Welfare and the Politics of Poverty
- Karen Sughrue
By the mid-1990s, with record numbers of Americans on welfare, public resentment reached a tipping point. Recipients were stigmatized as lazy ne’er-do-wells feeding at the public trough. Politicians railed against “welfare queens”, the unwed mothers they claimed were gaming the system, having more babies to get more taxpayer cash.
Republicans had been pushing to overhaul welfare for decades, with little success. But in 1996, in a move that outraged liberals, a Democratic president signed into law a bill that “ended welfare as we know it.”
The vision of welfare reform was an optimistic one. The poor would be liberated from dependency on government handouts, so they could enjoy the dignity of work and move from poverty to self-sufficiency. What actually happened is a lesson in good intentions gone awry, and raises questions about whether the politics of poverty have changed much in 20 years.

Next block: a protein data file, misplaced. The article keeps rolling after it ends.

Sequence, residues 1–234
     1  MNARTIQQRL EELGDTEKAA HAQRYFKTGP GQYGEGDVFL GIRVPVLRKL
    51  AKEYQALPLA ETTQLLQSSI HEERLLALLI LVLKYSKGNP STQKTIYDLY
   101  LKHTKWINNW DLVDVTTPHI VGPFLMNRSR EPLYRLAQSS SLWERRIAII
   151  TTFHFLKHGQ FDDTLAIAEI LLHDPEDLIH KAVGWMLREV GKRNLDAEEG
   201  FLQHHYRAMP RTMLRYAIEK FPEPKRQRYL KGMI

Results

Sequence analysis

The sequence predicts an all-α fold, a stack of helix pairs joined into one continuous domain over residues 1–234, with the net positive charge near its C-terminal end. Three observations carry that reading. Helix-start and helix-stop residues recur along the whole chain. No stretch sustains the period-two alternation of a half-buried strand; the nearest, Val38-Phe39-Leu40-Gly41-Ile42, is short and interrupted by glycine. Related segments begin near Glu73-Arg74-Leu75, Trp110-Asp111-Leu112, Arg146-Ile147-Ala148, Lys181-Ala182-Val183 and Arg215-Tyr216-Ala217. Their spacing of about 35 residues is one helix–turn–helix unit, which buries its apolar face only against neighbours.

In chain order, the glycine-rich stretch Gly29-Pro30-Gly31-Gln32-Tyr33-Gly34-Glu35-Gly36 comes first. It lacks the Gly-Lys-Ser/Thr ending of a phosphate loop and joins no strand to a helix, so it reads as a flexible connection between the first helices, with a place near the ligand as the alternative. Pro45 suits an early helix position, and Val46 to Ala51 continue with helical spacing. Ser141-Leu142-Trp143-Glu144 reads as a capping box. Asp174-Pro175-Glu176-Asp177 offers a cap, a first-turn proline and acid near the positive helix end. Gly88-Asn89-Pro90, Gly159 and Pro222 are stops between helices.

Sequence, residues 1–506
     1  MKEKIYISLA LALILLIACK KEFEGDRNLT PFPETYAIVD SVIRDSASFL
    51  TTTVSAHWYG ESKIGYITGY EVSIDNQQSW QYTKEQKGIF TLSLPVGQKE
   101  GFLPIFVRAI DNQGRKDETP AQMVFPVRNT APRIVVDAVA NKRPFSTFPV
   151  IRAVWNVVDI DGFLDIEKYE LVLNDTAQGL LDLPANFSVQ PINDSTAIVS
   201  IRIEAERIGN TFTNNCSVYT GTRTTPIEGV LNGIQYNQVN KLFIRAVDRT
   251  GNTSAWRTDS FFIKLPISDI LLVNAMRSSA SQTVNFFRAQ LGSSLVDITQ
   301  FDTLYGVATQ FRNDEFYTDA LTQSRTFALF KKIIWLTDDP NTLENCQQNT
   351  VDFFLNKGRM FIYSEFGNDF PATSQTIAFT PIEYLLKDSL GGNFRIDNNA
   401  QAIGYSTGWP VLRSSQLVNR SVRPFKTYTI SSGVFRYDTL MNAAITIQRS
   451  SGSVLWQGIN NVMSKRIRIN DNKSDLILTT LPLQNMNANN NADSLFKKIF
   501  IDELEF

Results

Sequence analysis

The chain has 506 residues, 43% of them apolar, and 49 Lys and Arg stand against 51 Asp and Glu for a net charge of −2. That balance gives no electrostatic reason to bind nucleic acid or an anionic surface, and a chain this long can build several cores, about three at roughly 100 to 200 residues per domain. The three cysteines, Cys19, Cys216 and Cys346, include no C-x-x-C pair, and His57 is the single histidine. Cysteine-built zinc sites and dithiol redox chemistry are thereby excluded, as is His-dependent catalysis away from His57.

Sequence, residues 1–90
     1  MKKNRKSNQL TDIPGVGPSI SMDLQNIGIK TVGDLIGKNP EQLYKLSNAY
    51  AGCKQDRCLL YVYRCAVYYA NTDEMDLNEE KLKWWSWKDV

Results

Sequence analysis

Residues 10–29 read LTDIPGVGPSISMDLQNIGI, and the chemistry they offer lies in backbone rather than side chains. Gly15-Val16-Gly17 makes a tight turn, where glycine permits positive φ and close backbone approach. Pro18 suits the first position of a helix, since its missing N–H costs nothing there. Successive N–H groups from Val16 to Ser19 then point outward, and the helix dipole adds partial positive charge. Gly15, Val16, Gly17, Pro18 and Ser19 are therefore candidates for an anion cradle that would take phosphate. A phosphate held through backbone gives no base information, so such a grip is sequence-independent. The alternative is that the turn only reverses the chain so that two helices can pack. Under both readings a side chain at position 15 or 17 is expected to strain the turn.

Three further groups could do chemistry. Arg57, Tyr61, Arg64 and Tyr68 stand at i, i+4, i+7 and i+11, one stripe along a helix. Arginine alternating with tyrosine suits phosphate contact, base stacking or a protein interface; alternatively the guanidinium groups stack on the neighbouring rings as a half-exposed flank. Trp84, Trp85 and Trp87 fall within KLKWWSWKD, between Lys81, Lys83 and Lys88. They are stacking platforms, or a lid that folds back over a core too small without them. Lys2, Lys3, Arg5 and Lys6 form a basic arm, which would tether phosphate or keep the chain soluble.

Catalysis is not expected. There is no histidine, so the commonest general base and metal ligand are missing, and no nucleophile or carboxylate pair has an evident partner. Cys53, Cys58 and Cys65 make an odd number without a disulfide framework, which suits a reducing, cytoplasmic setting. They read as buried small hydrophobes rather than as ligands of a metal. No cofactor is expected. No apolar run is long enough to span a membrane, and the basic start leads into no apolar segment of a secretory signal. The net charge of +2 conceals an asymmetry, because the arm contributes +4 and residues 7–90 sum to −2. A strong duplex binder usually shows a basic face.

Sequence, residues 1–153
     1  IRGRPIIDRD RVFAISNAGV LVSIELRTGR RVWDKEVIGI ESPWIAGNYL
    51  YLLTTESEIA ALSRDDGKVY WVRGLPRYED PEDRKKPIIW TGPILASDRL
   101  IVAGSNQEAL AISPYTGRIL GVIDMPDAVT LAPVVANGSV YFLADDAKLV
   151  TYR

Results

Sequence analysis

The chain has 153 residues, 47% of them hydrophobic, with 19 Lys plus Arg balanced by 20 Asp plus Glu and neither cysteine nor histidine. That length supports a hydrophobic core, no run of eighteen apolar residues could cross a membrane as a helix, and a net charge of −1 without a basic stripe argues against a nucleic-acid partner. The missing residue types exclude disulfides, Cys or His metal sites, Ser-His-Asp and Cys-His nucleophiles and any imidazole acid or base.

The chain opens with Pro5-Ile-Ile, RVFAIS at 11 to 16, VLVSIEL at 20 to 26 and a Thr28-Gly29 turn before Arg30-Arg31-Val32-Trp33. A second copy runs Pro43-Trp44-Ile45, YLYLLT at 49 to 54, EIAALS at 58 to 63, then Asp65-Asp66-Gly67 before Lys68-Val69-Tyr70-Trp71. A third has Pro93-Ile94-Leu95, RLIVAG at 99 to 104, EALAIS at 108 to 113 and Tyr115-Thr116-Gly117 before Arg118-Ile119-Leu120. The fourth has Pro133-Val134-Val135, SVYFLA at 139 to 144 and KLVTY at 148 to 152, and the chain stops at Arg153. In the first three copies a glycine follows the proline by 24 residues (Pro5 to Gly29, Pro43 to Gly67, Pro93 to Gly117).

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During his campaign, Donald Trump vowed not to cut to entitlements, including Medicaid. But now he's reversing himself and additionally plans to turn more control of the program over to the states. We take a look at what happened to another entitlement, welfare, when the states took over.
Life After Welfare
Twenty years ago, welfare reform was signed into law, promising needy families a path out of poverty. This is the story of Tianna Gaines-Turner, a former welfare recipient, who still struggles to make ends meet.
Life After Welfare
Tianna Gaines-Turner, a former welfare recipient, still struggles to make ends meet with her family in Philadelphia.
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